Empowering Nurses at the Bedside and in Business

The Truth About Impaired Nurses

Many nurses incorrectly believe that the only nurses who end up before the Licensing Board are impaired.  This is simply not true.

An impaired nurse is someone who uses alcohol or a controlled substance on a regular basis and to the extent that it interferes with their work.  And here’s a sad fact, many of these nurses don’t know that they have a problem.

Yes, there are a fair number of impaired nurses and, surprisingly, the incident of impaired nurses is the same as the general public even though nurses have increased access to controlled substances.

I have had nurses forge prescriptions or call in a prescription for a friend or loved one.  I’ve had some steal other nurse’s Pyxis code to obtain narcotics.  Others “cheat” the monitoring programs while still using.  Some nurses also try to obtain materials that neutralize the controlled substance or dilute their urine so it will not show on a urine drug screen.

I believe that alcohol and drug use somehow creates a chemical reaction in the mid-brain that is so powerful that it creates an intense desire for the substance that cannot be sated.  This intense desire causes someone to act in ways that he/she would not normally act so as to feed the craving and achieve the desired chemical reaction in the mid-brain.

In Indiana, where I live, I have represented many nurses who were accused of stealing controlled substances from a hospital.  In fact, there are software programs out there that will track to see if a nurse administers narcotics more frequently than other nurses on the unit.

There even is software that can track every time a nurse fails to co-sign a waste.  Therefore, your employer is watching you.

I think most nurses would never do this as we are trustworthy, caring people.  I think is so sad though that the addiction can be so powerful that it overcomes the impaired nurse’s inhibition and they will do anything to get that substance.

If you are using any controlled substance other than for acute situations go to an addictionologist who can evaluate you and do an assessment on you to determine your propensity for addiction.  It is better if you don’t use controlled substances except for limited circumstances such as when you need them after surgery or an acute injury.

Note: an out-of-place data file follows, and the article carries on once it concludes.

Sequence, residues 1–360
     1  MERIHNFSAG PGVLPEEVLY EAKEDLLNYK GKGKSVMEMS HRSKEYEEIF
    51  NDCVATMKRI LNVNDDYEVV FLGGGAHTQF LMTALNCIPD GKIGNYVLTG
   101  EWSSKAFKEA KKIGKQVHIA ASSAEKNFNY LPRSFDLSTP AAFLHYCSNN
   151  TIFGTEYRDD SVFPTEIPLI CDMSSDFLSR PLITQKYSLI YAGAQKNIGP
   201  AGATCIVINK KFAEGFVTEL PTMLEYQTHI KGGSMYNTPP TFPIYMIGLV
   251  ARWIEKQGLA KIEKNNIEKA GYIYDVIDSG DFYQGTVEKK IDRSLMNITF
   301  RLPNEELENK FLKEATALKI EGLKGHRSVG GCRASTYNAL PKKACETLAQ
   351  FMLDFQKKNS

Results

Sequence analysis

Unfortunately, many doctors are so quickly to resort to prescriptions.  Most states have a Peer Assistance Program.  If you do have an addiction or use problem, the best way to protect your license is to get help.  The nurses who have gone through the recovery program have learned skills to deal with problems and seem to be happier and more fulfilled in their jobs and in their lives.



  1. Elizabeth Scala

    Nurses who have addictions need help and support. There is something that underlies the reason as to why they are using drugs and/or alcohol to cope. So glad that nurses have resources out there to help them through the recovery process.

  2. Joyce

    Lorie, I like the point you bring on ‘nurses stealing another nurses Pyxis code to get narcotics.’
    Nurses need to guard their Pyxis code and change their password frequently.
    It feels like watching your back -but unfortunately, when it comes to the pyxis, nurses need to be careful.
    Great Post.

  3. Jennifer Olin

    Lorie, great piece. Kind, caring people do things we normally can’t imagine doing when they are under the influence of what ever they are using. I have a family member with a serious drug addiction and some of her action were unimaginable. Now, we add them to a list of things to watch for in the future. Sad but true. My state has a peer assistance program and, at least front the outside, it looks like a really good program. Caregivers are human and humans sometimes suffer from addictions. It is our responsibility to look out for ourselves and our colleagues for the safety of our patients.

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